Bonus Step: How to get buy-in for more research←This post
As a UX researcher or designer, you might encounter resistance when proposing more user testing or interviews to decision-makers. Especially when those decision makers are one step removed from the testing results presentation.
So how do you convince leadership to invest in additional research? Use these proven tactics to get buy-in:
Share Powerful User Stories
Forget the boring stats for a minute. Instead, share compelling stories and quotes straight from user research sessions. Real-world examples are a powerful way to show how design choices affect the user experience.
Describe a user’s frustration when struggling with a confusing workflow. Quote someone’s comment about a delightfully simple new feature. Stories are more memorable and impactful than data alone.
Demonstrate Tangible ROI
Show how research can positively affect key performance indicators. For example, user testing early in development can improve conversion rates by catching usability issues. Highlight how a 5% conversion rate bump can increase revenue. You won’t be able to put an exact dollar figure on “improved customer satisfaction,” but you can connect research to tangible business wins.
Frame Testing as Risk Mitigation
If leadership is hesitant to invest in research without guaranteed outcomes, position user testing as risk mitigation. Explain how relatively small investments in testing early on can prevent much greater costs down the line by building features users won't adopt. Testing answers the questions upfront to avoid costly guesswork during building. The insights uncovered will safeguard your team from going too far in the wrong direction.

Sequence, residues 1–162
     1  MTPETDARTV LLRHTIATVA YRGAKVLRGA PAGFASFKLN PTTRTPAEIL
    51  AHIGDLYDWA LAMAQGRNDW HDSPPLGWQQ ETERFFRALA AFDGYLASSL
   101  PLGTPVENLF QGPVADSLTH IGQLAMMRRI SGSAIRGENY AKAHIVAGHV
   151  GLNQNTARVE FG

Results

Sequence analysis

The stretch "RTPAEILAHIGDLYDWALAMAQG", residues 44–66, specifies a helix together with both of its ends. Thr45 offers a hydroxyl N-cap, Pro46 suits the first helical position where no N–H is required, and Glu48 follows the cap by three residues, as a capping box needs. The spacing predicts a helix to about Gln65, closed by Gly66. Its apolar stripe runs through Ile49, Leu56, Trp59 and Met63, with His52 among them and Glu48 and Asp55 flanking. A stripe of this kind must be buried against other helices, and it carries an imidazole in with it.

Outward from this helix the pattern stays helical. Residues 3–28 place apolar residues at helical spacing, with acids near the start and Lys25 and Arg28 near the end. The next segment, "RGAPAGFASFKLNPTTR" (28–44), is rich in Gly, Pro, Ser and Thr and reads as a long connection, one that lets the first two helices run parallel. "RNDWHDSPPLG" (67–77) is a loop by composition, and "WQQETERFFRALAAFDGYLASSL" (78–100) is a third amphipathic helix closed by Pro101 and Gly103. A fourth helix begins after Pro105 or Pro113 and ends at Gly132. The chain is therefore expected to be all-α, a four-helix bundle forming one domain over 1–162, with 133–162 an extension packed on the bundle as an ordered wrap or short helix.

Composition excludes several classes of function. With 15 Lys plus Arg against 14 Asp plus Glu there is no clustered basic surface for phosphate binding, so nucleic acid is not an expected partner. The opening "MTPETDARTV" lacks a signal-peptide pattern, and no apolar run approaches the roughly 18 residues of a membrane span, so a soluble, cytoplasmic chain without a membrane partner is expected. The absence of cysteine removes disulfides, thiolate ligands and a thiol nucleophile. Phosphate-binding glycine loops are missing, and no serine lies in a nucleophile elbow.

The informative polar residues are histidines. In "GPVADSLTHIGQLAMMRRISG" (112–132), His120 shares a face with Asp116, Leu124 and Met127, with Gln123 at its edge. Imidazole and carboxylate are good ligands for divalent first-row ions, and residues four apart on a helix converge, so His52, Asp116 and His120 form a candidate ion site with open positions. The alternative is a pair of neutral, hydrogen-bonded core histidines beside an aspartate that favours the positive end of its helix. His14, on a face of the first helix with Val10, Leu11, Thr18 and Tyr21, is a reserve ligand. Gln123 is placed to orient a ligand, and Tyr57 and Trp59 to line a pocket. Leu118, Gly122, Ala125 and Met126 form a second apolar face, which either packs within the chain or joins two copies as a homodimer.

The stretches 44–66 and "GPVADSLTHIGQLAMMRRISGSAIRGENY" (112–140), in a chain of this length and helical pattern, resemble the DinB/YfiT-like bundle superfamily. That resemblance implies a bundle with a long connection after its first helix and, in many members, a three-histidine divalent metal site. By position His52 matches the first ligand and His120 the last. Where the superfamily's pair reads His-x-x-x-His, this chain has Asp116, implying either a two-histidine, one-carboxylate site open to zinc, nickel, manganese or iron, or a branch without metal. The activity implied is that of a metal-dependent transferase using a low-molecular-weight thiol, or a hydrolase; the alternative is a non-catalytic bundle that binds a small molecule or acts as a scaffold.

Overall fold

Tip: “Testing is like insurance - it protects against wasted effort from developing solutions that miss the mark.”
Involve Leadership in Research
Seeing is believing. So, invite key decision makers to actively observe user sessions firsthand by watching a live or recorded session. Watching target users interact with their product can be eye-opening. Leaders get to hear unfiltered feedback rather than filtered reports while also getting to view users through an empathetic lens.
Rather than requesting big budgets for expansive research upfront, propose starting with quick, small-scale pilot tests. Offer to conduct short qualitative testing sessions with just 5-10 users focused on a high-priority area. Once stakeholders see the value, it often sparks organic interest and investment in larger research efforts over time.
Understand your audience
Just like testing with users, getting buy-in for user research requires understanding stakeholders' perspectives and tailoring your pitch. By framing the benefits compellingly, you can build the case for greater UX insights through expanded testing and interviews. With persistence and the right approach, organizations can transform into being research-driven and customer-centered.
It all comes down to this
Remember that the key to gaining buy-in is to effectively communicate the value and impact of user testing in a way that resonates with your organization's goals and priorities. Tailor your approach to your specific organizational culture and leadership style, and be prepared to answer questions and provide evidence to support your case.